The first time I really paid attention to Malevich’s art was in the slightly unlikely setting of the British Museum. A selection of twentieth-century works on paper from the Museum of Modern Art in New York was being exhibited in the prints and drawings department. As far as I remember it was during the second part of the 1970s and I was at art college. I was familiar with Malevich’s abstract painting and, like many of my contemporaries, I was intrigued by and impressed with the idea of an art that was somehow both formally and politically revolutionary. But I had never really looked closely at the work.
The only drawing I now remember from the exhibition was a square sheet of white paper with a single black square at its centre. It was extraordinary, not just because of its radical abstraction and its exclusion of just about everything that drawings usually have or need, but because, in spite of these exclusions and refusals, it remained so compelling and complete. This had a lot to do with the way it was made. In place of what I had anticipated - some sort of dry diagrammatic exposition of Suprematist theory - there was a work of strange, rich, dark intensity; a mass of over-worked, hand-drawn graphite lines that left a dense, shiny, damaged and absolutely gorgeous surface. I had never expected such a work to be so beautiful.
A decade or so later I had another encounter with Malevich. This time it was at the Stedelijk Museum in Amsterdam, which in 1989 was hosting a large retrospective ranging from the artist’s earliest Impressionist-Fauvist-Cubist-Futurist paintings to the strange late work that Donald Judd, among others, had warned me about. I had been interviewing Judd in London for Artscribe magazine. He had just come from Amsterdam and spoke rather ominously about what he saw as a largely reactionary presentation of Malevich’s art, one that sought to dilute the abstract achievements of the immediately pre- and post-revolutionary period by placing them among what he dismissed as the more conservative later figurative work.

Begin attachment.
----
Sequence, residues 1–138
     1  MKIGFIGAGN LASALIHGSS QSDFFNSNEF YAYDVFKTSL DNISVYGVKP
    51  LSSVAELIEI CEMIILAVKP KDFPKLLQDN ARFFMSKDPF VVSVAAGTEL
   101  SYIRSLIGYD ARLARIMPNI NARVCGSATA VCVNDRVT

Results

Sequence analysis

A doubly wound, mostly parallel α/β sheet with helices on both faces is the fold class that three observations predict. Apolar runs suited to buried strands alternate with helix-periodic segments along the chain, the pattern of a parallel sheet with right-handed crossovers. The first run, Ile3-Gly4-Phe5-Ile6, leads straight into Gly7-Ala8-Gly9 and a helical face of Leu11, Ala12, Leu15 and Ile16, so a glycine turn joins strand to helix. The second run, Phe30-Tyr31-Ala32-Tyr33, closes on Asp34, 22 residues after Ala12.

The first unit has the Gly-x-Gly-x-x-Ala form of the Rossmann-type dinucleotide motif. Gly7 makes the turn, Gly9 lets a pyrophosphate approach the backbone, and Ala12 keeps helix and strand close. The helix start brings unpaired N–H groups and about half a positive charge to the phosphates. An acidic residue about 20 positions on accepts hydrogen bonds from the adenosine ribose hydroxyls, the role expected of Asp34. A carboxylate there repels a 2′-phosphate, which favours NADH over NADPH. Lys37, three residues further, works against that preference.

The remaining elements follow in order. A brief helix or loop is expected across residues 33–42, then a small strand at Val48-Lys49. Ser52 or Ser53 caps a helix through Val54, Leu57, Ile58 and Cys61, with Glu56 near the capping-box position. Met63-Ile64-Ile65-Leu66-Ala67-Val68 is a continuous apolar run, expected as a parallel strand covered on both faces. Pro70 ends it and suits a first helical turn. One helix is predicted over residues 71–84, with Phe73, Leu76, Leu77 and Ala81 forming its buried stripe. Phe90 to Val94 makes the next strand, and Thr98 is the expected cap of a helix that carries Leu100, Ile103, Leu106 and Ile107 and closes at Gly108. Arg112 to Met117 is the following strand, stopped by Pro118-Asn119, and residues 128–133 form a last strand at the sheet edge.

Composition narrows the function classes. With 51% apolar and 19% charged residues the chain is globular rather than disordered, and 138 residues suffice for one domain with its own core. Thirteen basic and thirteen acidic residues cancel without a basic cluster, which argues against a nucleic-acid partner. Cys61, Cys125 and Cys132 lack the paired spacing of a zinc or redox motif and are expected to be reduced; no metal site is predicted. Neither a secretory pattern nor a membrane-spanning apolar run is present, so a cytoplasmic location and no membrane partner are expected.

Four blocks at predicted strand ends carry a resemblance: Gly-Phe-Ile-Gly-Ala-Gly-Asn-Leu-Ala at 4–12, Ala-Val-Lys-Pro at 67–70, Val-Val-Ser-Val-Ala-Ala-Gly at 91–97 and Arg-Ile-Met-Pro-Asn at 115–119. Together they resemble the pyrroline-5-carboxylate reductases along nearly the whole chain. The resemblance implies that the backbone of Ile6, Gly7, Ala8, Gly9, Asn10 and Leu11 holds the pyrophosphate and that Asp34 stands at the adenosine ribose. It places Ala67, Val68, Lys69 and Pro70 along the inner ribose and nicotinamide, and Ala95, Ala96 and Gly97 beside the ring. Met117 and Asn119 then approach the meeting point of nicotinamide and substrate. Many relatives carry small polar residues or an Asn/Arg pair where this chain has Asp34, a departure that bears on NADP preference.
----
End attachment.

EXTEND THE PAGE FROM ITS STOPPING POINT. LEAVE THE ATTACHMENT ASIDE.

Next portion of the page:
Duly warned, I made my trip to the Stedelijk and would have come away very happily rewarded by the several rooms of brilliant and exuberantly improbable constellations of shape and colour that were his Suprematist works from the years around the Bolshevik revolution. I was fully aware that in the years after Stalin assumed power in the Soviet Union the artists associated with Constructivism had become increasingly isolated and ostracised, sometimes violently. So I felt ready to forgive Malevich his apparent capitulation to some form of legitimatised aesthetic realism in the later 1920s and early 1930s. That was big of me, but I really needn’t have worried.
What I found in the later rooms of the exhibition was strange, to be sure; it was idiosyncratic and irregular and sometimes even desperate perhaps. But at the same time, and against all the odds, to me these paintings never felt like any kind of capitulation or turning away from the earlier work. They looked different, obviously enough, but they had the avividness, the economy, the brilliance and the rare humanity that all his best work shared. In fact, Suprematism remains a literal presence in some of these late works. In the lower corner of several of the paintings, just where you might expect to find a signature, there is instead a tiny autographic black square.